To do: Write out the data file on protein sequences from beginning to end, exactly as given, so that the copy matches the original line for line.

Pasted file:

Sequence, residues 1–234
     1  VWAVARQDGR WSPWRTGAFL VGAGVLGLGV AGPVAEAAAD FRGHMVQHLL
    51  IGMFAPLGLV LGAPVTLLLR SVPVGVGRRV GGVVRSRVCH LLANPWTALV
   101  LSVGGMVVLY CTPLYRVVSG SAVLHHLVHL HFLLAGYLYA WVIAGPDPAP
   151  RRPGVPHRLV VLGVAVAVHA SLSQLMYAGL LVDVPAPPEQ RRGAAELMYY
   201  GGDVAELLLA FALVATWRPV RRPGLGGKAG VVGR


Sequence, residues 1–234
     1  VWAVARQDGR WSPWRTGAFL VGAGVLGLGV AGPVAEAAAD FRGHMVQHLL
    51  IGMFAPLGLV LGAPVTLLLR SVPVGVGRRV GGVVRSRVCH LLANPWTALV
   101  LSVGGMVVLY CTPLYRVVSG SAVLHHLVHL HFLLAGYLYA WVIAGPDPAP
   151  RRPGVPHRLV VLGVAVAVHA SLSQLMYAGL LVDVPAPPEQ RRGAAELMYY
   201  GGDVAELLLA FALVATWRPV RRPGLGGKAG VVGR